Environmentally friendly practices are a dime a dozen, but implementing them in the home doesn’t happen overnight. Like any lifestyle change, they are best put into practice gradually; little actions that can be realistically maintained.
It’s important to take those steps to being eco-aware, even if it is just giving up bottled water this summer. Multiple small changes add up to big changes and there is less chance of you having a ‘green burnout’ if you start small.
My kitchen’s carbon footprint is gradually shrinking, as it’s in the process of a “greenover,” as cookbook author Jackie Newgent puts it. We compost enthusiastically, recycle constantly, and choose seasonal produce most of the time — my love for lemons is a powerful thing!
Now that we’ve started, it seems we learn something new every day about being more environmentally aware in the kitchen. It’s exciting to implement these changes for the better as a whole family, and it makes me proud when my two-year-old can sort compost from garbage. After all, this whole saving the planet business is for him.
Here is a list to get you started on your kitchen “greenover,” or, if you are already a conscious cook, inspire you to reach even further towards a low-carbon lifestyle.
Do what you can, when you can; take small steps, just don’t stop.
Photo by jaycross
1. Make sustainable food choices.
This may be the most important decision you make for feeding your family and is an excellent place to start on the road to a greener kitchen. On Simple Bites we gave 10 Tips for Sustainable Eating, among them being:
- eat in season and locally, (how to source food locally)
- earn to cook real food,
- preserve your own foods as much as possible (look to Simple Bites for a Canning 101 series to come in July), and
- grow something, anything.
2. Shop smart.
While buying local is commendable, there is more to smart shopping than considering food miles. Here are a few tips.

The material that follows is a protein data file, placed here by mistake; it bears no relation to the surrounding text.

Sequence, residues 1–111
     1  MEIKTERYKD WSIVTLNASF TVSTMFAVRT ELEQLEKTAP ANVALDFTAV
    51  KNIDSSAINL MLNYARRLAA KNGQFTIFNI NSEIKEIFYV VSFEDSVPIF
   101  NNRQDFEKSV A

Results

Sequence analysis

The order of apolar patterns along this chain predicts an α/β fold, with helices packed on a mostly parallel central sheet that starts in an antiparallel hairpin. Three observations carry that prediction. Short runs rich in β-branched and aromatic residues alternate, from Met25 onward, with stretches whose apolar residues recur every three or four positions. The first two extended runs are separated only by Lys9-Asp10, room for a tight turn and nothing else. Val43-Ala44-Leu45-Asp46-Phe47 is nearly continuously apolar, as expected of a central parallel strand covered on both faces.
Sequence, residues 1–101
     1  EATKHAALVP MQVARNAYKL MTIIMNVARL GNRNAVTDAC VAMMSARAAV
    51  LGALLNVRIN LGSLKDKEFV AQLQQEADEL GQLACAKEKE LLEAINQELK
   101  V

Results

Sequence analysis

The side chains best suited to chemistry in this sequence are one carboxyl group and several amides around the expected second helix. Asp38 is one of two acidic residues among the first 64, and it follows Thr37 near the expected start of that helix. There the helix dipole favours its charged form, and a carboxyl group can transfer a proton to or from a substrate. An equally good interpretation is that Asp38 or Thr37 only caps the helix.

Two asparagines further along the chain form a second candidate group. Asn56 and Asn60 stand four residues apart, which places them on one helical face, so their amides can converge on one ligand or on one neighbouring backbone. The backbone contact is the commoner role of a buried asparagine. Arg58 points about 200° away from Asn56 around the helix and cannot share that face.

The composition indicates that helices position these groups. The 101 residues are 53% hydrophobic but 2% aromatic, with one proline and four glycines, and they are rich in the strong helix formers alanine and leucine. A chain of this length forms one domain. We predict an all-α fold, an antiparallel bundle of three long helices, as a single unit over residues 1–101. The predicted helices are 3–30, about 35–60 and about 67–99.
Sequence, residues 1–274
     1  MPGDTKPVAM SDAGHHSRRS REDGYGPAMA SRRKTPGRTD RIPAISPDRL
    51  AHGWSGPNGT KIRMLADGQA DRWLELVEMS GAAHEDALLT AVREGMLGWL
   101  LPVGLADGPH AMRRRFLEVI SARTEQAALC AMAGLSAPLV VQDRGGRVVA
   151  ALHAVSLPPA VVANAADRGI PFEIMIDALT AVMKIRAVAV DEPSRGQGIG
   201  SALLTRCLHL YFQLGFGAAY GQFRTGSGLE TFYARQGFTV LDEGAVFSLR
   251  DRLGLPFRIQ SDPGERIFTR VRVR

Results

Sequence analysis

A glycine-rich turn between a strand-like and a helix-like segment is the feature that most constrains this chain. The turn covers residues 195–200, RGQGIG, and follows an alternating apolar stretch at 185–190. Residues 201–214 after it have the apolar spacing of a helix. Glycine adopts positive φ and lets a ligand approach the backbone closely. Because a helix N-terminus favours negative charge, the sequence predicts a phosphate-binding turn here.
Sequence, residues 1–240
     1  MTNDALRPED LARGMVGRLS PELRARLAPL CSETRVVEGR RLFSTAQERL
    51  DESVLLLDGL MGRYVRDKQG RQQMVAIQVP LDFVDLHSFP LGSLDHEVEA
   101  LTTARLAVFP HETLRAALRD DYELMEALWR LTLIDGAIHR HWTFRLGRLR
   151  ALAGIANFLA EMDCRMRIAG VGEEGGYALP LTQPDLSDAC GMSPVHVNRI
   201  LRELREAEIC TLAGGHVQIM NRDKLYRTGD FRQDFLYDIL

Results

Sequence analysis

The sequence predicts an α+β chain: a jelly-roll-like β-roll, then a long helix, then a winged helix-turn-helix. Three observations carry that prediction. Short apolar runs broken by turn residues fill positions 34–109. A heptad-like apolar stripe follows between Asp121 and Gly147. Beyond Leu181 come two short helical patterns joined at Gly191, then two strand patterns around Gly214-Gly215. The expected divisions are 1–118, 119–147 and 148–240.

- Make a menu plan and stick to your grocery list. As you’ve probably heard, successful menu planning can help shrink gas and grocery bills, cut back on waste, and help you cut out convenience foods.
- Bring reusable shopping bags and produce bags.
- Buy bulk when appropriate. Less trips to the store means less fuel emissions, and it saves time, energy and money.
- Buy organic. Supporting crop rotation, water protection and pesticide-free food is a win-win situation for both the farmers and you.
- Buy Fair-Trade.
3. Be an energy-wise cook.
In her book Big Green Cookbook
, Jackie Newgent outlines many clever tips for low-carbon cooking. Among the more progressive are:
- Hypercooking, which is forgoing the preheating process for baking casseroles or other dishes. Most foods cook just fine starting in a cold oven,
- Using residual heat. Turning off an oven or pot and allowing the cooking process to finish with residual heat.
Jackie’s cookie recipe below demonstrates both hyper-baking and the use of residual heat with great success.Photo by the bitten word.com
4. Eat more plants.
It’s what my mother’s been telling me for years, it’s the tagline for our recent Simple Living Book Club selection, and it’s vital to our long-term health. Ultimately, it can help reduce the strain on our environment as the meat industry is responsible for a notable amount of water and air pollution.